Summer offers an abundance of fruit, vegetables and herbs suitable to preserve and use throughout the rest of the year. Tomatoes are a classic choice, but you can also preserve a wide variety of other garden favourites. Here are a few suggestions to help you make the most of your peak summer harvest.
Tomato preserving is a time when family and friends come together to celebrate a bountiful harvest. Passata Day is traditionally held in January throughout Australia, although up North this may be closer to the middle of the year. An Italian tradition, it typically involves deseeding, chopping, boiling, and jarring passata for use throughout the year... and it’s followed by a delicious lunch, of course. But don’t be confined to passata as your only means of preserving tomatoes. Tomatoes can be bottled whole, chopped or blended, they can be dehydrated or semi-sundried and preserved in oil, they can be made into tomato sauce (as in ketchup, not pasta sauce), and even reduced to a thick paste. Whatever you choose to do, don’t forget to enjoy a few fresh too!
Tomato Preserving Tips
One of the simplest ways to preserve tomatoes using the Fowlers Vacola system is to roughly chop your ripe tomatoes and press them down firmly into a clean dry jar. Fill to about 1.5cm from the top and place a tablespoon of fresh lemon juice on the surface. Place the ring on the jar and firm down the lid with a Vacola clip. Bring to temperature slowly and maintain system at 92 degrees for 45-90 minutes depending on the size of your jars.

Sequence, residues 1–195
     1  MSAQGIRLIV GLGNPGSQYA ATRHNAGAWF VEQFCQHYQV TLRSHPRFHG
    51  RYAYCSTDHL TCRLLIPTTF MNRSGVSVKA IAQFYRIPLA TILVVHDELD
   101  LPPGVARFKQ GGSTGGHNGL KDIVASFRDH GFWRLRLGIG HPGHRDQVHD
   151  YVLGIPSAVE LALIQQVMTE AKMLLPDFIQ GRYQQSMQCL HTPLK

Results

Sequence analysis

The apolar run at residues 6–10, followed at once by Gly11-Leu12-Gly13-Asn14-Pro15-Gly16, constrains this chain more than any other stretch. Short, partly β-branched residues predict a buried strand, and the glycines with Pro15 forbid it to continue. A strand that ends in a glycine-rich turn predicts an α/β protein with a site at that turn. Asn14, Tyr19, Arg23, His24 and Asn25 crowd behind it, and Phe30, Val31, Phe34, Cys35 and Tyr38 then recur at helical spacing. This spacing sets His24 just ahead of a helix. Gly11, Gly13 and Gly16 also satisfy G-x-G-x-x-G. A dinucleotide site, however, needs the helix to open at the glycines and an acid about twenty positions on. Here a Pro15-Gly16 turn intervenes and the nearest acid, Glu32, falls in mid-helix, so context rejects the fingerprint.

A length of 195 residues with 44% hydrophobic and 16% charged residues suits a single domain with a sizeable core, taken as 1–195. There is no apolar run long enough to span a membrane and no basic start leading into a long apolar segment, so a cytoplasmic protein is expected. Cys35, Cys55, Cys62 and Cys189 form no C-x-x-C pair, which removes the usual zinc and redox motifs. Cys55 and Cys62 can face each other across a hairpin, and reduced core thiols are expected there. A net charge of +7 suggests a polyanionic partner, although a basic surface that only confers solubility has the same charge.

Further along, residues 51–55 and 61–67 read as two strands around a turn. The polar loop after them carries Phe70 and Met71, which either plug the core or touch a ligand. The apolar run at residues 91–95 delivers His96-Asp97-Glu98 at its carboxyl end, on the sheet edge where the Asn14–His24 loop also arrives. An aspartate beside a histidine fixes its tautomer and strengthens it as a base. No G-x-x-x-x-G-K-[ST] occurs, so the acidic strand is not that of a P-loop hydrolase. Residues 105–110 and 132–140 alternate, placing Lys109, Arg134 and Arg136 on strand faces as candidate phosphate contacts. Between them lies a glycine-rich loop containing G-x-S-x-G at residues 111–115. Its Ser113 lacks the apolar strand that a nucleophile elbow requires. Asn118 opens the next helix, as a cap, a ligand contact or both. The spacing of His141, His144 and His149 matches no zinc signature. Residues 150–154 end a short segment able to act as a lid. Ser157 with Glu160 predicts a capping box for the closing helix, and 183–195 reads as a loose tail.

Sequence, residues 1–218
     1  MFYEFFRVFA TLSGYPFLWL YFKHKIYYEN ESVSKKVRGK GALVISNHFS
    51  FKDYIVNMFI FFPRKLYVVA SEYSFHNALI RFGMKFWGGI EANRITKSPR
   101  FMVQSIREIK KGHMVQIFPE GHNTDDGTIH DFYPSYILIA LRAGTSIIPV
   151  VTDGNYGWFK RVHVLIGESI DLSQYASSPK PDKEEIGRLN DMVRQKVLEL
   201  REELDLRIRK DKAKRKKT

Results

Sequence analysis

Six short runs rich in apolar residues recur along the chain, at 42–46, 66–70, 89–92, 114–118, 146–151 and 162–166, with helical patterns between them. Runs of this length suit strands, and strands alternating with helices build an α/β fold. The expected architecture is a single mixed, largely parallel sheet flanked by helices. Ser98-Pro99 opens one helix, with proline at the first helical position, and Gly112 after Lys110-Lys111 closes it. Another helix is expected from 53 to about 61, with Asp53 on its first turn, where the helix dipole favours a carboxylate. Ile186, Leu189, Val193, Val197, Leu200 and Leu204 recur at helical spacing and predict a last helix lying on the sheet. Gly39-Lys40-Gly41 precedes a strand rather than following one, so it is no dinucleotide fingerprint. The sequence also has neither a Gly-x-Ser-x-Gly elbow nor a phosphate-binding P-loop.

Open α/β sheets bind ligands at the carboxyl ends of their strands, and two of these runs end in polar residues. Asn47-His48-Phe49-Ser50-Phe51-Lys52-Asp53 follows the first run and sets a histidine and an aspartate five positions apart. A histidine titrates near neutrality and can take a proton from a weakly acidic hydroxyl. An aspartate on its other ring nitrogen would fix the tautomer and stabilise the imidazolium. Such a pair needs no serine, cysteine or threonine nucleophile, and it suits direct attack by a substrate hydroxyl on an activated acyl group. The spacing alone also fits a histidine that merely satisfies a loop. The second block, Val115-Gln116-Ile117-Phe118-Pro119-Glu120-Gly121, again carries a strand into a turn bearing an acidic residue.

Remove to cool and then store in a cool, dark, dry cupboard.
Possibly one of the most ‘Googled’ queries on the web – What do I do with excess zucchini? Let’s face it, any zucchini grower knows that at some point, harvest outweighs demand. We get excited about summer, plant a couple of extra zucchini plants and then end up wondering what we can do with so much fruit. Aside from sharing with neighbours, family and friends, zucchini is also an incredibly versatile veg. Keto has helped to raise its profile too, often used as a replacement for spaghetti thanks to the use of the spiralizer, but zucchini can also be used in traditional dishes like ratatouille, thinly sliced as a replacement for pasta sheets around cannelloni or in lasagne, as the main ingredient in zucchini slice, frittata and fritters, as well as cakes and muffins. Zucchini and basil make an exquisite seasonal soup, and don’t underestimate lightly sautéed zucchini strips served hot with goats cheese and a splash of fresh lemon juice and cracked pepper. Still need more suggestion? You can make zucchini pickle or piccalilli and use as a chutney throughout the year.
Best eaten fresh, beans are simply delicious fresh from the garden or lightly cooked for salads or sides, but sometimes you need to preserve them for the remainder of the year. The two most popular methods are blanching and freezing or placing in jars and preserving. This really depends on personal preference and available space. When preserved in jars, beans can be placed in the cupboard for an extended period of time. When frozen, they need to be placed in an airtight bag and usually last only 6-8 months at best. Of course, if you grow dried beans, then these are easily stored in a sealed airtight container in the cupboard, just waiting for that next soup, casserole or minestrone.